Wednesday, February 01, 2006

Manulife's Sponsorship of Turin Games a Coup

Financial Post, Duncan Mavin, 1 February 2006

When it comes to the global business marketplace, Manulife Financial Corp. can officially claim to be Canada's only competitor with Olympic credentials.

Manulife is the lone Canadian among the worldwide sponsors of the Olympic Games, part of an exclusive line-up of 10 international megabrands including Coca-Cola, GE, Visa and McDonald's. It's an impressive coup that will thrust the Manulife brand into the biggest possible advertising arena when the winter version of the Games kicks off in Turin this month.

Manulife is the fifth-biggest insurer in the world, with operations in 19 countries, but the worldwide Olympic link-up shows the "clout" of the Manulife brand, said Tim Dewhirst, associate professor of management and marketing at the University of Saskatchewan.

Prof. Dewhirst said the Olympic sponsorship deal gives Manulife a unique opportunity to reach an even greater audience of potential consumers.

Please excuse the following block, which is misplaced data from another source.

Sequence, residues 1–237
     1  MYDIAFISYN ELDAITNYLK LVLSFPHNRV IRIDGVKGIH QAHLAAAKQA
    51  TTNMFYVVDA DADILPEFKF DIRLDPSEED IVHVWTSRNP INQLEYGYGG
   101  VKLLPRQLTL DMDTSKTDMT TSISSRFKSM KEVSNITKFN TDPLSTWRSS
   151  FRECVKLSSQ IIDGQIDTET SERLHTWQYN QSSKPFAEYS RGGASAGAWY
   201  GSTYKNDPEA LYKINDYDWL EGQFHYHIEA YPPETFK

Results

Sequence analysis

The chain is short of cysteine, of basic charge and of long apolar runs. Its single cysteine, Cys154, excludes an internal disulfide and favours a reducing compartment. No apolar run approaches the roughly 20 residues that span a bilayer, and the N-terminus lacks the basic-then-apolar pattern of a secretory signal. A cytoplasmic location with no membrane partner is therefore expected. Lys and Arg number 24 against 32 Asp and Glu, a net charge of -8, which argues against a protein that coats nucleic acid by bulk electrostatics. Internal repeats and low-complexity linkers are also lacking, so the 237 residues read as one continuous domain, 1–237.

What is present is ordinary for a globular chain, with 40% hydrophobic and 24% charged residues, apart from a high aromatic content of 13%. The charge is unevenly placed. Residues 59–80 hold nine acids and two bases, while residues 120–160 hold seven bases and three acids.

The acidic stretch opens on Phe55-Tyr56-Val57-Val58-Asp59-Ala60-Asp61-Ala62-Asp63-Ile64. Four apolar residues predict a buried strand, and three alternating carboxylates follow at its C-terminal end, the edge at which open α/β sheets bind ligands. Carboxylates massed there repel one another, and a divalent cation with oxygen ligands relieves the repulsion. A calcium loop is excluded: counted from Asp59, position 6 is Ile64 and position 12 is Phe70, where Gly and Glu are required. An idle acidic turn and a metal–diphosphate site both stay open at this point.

That view is backed up by a recent report from Initiative Research that indicated live international sporting championships continue to provide access to global television viewers even as digital video recording and downloadable programming are squeezing audiences for other programming. Indeed, Sarah Ivey, executive vice-president at Initiative Research in Toronto, said that means, "The amount of Olympic investment is better than ever."

Randy Scotland, vice-president of communications at the Association of Canadian Advertisers, said high-profile, global sporting events get companies "pretty excited." With the Winter Olympics, the Commonwealth Games in Melbourne, Australia, in May, and the soccer World Cup in Germany in June, companies could be spoilt for choice in 2006. "But the Olympics is at the top of the heap," Mr. Scotland said.

Nevertheless, some observers are reserving judgment about the value of Manulife's sponsorship deal.